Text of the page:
September 28, 2010

Oppenheimer Brothers

Brothers are in the news at the moment for some reason- I'm sure its the potential of Anton Ferdinand to play with Rio at some point that's the real reason why they are up there. But its interesting in that sense to look at potentially one of the greatest pairs of brothers in the 20th Century- Robert Oppenheimer and his brother Frank. The older brother Robert was a famous and successful theoretical physicist, he led the project to design the nuclear bomb at Los Alamos and became Professor at the Institute of Advanced Study at Princeton. His career was marked by tragedy and the old tale of his failure to surmount slurs he was a communist and his bureacratic checkmate by Edward Teller have been told too often for them to be rehearsed here. The key thing about Oppenheimer was that after his fall and the scandal he never really produced the great work of physics that he could have done, he was less than the sum of his talents. His brother Frank was also a physicist, Robert despised his intelligence- Frank was an experimentalist rather than a theorist- but ended up founding a great American museum.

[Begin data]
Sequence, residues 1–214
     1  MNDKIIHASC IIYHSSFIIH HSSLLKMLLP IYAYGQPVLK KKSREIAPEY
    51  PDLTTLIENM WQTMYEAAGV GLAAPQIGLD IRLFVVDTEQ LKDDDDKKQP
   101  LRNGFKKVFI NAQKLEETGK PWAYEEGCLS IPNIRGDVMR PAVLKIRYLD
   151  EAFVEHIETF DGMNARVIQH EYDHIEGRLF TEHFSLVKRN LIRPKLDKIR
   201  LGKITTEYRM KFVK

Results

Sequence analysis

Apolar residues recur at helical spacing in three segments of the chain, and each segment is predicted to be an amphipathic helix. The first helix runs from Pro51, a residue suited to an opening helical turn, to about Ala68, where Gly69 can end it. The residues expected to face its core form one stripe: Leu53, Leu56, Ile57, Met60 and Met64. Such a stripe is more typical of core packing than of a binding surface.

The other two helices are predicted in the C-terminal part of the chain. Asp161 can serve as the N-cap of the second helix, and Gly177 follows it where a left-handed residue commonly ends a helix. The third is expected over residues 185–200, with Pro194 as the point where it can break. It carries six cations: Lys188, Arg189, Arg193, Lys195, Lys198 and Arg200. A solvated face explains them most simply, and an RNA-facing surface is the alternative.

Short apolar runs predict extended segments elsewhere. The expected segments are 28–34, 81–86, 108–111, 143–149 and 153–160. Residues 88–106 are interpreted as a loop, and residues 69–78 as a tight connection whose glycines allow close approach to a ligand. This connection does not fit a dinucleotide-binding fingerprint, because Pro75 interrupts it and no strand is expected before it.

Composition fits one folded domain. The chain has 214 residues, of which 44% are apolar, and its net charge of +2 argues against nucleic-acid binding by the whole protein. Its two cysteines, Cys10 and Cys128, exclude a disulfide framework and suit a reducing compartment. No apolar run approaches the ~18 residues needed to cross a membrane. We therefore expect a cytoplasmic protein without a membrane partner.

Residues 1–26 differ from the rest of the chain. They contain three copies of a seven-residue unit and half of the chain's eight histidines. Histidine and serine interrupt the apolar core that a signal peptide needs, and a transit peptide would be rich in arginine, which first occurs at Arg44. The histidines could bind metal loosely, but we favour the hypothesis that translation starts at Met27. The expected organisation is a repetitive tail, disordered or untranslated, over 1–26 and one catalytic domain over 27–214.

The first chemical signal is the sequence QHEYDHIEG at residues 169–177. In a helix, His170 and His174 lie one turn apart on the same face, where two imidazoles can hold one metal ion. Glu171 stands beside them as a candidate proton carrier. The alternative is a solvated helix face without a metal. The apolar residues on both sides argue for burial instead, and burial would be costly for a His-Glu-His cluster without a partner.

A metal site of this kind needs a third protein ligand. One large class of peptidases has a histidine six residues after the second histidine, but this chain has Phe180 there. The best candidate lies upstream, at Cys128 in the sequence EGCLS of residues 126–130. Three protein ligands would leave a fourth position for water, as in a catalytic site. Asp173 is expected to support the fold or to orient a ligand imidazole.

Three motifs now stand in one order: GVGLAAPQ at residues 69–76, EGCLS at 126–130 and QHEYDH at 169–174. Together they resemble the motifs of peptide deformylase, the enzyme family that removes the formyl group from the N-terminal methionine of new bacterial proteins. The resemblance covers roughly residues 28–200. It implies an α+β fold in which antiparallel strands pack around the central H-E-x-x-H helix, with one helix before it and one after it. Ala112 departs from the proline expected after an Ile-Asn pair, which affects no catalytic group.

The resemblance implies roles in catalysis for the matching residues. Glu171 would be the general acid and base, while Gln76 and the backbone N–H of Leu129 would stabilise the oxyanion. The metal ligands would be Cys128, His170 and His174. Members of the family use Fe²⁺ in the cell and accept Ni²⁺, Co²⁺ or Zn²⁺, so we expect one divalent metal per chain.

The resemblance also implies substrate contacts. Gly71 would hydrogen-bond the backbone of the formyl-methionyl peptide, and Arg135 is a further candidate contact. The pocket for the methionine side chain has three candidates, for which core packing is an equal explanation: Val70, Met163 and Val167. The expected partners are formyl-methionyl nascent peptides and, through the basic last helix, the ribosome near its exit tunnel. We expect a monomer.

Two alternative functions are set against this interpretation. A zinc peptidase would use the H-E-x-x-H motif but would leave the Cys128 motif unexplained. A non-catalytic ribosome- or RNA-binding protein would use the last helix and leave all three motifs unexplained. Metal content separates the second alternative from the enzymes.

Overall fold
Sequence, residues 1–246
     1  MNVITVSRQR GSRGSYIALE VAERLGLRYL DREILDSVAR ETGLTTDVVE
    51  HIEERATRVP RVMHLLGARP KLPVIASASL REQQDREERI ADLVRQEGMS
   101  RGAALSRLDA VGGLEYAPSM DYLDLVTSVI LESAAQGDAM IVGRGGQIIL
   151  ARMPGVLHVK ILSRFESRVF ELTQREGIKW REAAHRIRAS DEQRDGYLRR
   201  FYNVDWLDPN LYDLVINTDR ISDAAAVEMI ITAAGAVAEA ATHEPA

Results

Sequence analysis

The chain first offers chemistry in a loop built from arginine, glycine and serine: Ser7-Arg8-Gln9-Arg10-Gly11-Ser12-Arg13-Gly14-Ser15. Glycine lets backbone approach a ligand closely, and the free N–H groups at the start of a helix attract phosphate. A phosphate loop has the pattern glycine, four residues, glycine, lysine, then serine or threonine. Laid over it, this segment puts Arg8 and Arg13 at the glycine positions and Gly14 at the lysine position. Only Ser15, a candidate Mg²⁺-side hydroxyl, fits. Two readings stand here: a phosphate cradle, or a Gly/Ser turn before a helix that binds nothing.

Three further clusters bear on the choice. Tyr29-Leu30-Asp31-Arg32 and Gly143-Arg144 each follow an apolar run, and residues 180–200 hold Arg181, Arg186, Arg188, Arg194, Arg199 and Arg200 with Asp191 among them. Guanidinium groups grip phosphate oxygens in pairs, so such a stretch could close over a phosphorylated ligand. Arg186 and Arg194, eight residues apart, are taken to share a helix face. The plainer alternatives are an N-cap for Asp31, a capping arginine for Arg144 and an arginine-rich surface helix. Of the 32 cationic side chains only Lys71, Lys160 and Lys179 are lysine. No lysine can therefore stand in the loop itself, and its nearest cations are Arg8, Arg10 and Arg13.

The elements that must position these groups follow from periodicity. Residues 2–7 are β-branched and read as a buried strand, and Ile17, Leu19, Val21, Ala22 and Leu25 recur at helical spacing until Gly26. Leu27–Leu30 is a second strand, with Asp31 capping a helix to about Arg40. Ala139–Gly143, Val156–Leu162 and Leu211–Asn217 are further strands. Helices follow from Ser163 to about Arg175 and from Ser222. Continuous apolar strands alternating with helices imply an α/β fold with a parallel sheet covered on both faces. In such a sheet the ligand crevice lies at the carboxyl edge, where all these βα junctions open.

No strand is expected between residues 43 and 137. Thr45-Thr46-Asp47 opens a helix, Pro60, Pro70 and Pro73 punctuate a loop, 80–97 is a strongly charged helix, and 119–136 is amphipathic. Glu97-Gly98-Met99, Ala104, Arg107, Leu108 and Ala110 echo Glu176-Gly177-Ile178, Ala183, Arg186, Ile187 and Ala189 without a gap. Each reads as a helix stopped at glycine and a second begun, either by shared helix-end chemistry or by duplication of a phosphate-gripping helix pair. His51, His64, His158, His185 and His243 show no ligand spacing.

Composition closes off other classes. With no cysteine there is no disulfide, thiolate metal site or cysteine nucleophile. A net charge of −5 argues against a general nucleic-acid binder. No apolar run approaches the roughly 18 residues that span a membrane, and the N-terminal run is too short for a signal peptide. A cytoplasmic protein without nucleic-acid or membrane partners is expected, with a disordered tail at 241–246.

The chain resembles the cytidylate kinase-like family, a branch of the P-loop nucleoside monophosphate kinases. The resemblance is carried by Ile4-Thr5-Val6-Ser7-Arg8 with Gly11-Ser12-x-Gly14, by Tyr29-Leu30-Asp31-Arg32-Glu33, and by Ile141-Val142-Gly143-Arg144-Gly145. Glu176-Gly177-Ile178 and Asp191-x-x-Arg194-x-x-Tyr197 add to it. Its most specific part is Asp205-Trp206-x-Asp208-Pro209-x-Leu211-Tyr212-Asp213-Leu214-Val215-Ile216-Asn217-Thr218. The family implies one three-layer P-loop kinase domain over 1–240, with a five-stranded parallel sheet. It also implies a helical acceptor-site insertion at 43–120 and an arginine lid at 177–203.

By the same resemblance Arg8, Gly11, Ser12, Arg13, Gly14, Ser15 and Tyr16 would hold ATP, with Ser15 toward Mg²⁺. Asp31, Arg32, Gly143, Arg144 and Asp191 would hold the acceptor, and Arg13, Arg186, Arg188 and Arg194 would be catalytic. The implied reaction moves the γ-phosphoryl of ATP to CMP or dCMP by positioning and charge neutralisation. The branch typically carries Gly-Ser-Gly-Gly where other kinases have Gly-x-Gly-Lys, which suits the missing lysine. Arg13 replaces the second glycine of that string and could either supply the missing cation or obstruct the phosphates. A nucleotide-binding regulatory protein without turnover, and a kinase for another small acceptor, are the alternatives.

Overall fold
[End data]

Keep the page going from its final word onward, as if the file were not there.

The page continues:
The contrast is well developed in Steven Shapin's essay in this week's London Review of Books. Ironically Shapin notes Robert ended up in an institution without students but with Professors, Frank founded an institution that aspired to make everyone a scientist but in which noone was a Professor. I think the most interesting contrast was in their view of science. I remember a friend once telling me that you couldn't understand anything about physics unless you had been a graduate in it: strictly that is probably true and Robert Oppenheimer would have agreed. For him knowledge seems, from Shapin's review, to be something only experts could claim. He made the difference between the expert and the non-expert vast: this point of view is shared by those who believe that experts are wonderful and horrible because it assumes they are different and beyond the sight of anyone else. Frank's view was much more participative: science could be diffused and could become a way of changing society. Anyone might be a scientist so long as they adopted a scientific attitude- you might not understand Feynman diagrams, but you could still be a scientist if you agreed with experimental data.

Frank's perspective seems to me to be much healthier and is really the way I think about knowledge. Knowledge is not about exclusion: you can know more or less about a subject but all knowledge has a value. Furthermore there is a distinction between knowledge and ignorance. Knowledge is not the attribute of a particular group of people, its a method. You can be further forwards or back in your understanding of the method and the amount of evidence to which you have applied it but in principle the method is the same. Therefore the separation between the kid with his chemistry set and the chemist in the field isn't that they do different things or that the kid is doing something ignorant, but that the chemist has just done more.

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